9. Briefly hold alcohol swab                  action from a dose of insulin.
                over site.
       L.   Discard uncapped needle and syringe           Follow Nursing Policy and Proce-
            in an appropriate container.                  dure Manual, Section IX-3, “Ex-
                                                          posure Control Plan”.
       M. Have patient/resident/caregiver mark
          on injection record injection site.
       N. Have patient/resident/caregiver
          wash hands.
       O. Evaluate patient’s/resident’s/                  Remember: Patients/residents/care-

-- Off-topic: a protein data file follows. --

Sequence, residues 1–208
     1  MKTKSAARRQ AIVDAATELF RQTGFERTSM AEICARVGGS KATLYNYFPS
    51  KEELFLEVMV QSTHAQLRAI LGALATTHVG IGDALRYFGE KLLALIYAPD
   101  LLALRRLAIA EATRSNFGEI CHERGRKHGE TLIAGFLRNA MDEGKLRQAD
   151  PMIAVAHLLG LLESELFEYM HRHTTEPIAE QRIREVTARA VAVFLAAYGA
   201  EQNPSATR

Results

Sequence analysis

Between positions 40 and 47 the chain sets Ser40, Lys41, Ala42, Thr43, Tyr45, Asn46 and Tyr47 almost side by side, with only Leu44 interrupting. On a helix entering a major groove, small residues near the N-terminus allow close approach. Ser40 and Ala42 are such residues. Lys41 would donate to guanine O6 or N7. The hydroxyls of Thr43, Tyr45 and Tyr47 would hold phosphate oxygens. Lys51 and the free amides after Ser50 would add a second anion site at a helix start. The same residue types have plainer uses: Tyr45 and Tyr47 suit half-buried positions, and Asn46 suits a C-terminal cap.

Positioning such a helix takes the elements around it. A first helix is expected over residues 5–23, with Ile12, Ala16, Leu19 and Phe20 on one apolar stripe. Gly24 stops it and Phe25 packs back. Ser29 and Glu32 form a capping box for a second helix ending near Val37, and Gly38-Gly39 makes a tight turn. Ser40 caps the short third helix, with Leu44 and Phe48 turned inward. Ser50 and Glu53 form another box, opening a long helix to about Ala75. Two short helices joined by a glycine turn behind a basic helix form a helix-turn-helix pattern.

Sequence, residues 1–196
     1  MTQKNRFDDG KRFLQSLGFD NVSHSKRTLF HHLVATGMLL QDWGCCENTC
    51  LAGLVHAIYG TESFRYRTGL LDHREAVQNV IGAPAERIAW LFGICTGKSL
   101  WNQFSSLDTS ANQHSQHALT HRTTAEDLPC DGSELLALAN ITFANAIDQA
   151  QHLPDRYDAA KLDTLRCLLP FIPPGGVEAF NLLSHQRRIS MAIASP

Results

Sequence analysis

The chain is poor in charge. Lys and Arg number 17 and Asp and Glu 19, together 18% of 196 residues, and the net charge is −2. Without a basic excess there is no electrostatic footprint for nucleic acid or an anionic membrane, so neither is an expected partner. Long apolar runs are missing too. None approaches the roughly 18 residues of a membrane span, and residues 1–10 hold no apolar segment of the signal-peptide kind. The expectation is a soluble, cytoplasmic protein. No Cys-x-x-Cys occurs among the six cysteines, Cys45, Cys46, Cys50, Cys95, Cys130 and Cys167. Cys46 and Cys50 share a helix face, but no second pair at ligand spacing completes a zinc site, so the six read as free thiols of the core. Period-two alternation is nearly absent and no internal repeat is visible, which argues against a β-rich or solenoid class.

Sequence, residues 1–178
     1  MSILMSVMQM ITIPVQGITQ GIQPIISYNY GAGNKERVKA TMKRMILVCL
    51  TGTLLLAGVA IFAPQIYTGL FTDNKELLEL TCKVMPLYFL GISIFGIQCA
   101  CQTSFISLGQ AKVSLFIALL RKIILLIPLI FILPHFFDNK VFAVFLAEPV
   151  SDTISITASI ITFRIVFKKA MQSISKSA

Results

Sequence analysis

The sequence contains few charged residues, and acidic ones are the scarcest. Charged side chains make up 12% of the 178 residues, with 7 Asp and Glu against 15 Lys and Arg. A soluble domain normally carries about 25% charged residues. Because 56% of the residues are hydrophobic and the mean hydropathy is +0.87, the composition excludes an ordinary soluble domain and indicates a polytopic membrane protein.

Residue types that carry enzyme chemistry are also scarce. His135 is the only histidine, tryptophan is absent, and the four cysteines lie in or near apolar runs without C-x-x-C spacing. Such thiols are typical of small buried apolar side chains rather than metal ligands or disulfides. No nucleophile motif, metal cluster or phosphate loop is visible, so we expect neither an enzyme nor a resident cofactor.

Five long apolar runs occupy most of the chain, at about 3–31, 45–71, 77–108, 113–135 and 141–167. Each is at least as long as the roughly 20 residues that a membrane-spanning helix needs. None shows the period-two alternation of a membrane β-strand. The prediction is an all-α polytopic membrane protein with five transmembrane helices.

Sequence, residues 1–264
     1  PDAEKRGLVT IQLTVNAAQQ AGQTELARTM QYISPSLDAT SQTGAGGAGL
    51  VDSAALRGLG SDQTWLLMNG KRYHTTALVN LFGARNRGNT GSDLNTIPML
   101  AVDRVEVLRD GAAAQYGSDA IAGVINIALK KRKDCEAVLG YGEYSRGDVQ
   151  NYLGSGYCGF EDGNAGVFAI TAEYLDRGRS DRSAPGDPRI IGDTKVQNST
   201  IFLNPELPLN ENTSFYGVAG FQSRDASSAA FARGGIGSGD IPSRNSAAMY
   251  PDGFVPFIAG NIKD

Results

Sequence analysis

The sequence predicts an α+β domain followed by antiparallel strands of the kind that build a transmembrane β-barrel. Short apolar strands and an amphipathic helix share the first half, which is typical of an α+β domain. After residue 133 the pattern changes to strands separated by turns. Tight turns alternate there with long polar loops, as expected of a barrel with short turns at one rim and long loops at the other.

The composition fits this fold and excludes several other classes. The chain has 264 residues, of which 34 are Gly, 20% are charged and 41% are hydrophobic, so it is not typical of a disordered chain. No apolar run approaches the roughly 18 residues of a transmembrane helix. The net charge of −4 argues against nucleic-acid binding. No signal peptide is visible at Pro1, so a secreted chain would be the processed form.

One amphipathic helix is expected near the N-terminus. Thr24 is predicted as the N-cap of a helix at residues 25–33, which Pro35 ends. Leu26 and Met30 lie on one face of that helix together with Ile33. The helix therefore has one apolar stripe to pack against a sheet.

caregiver’s technique. Do                       givers who have been giving injections
          further teaching if needed.                     for years may not be using correct
                                                          techniques and may benefit from
                                                          review and evaluation of technique.

III.   Teaching the Patient/Resident/Caregiver
       Self Blood Glucose Monitoring Using a
       Portable Blood Glucose Meter
       A. If Center for Diabetes staff are not
            available for diabetic teaching:
            1. Assess patient’s/resident’s/caregiver’s    Information gathered helps the nurse
               understanding and ability to handle skin   develop an individualized teaching
Diabetes: Teaching the Patient/Resident/Caregiver          Nursing Policy and Procedure Manual
                                                                               Section IV-004f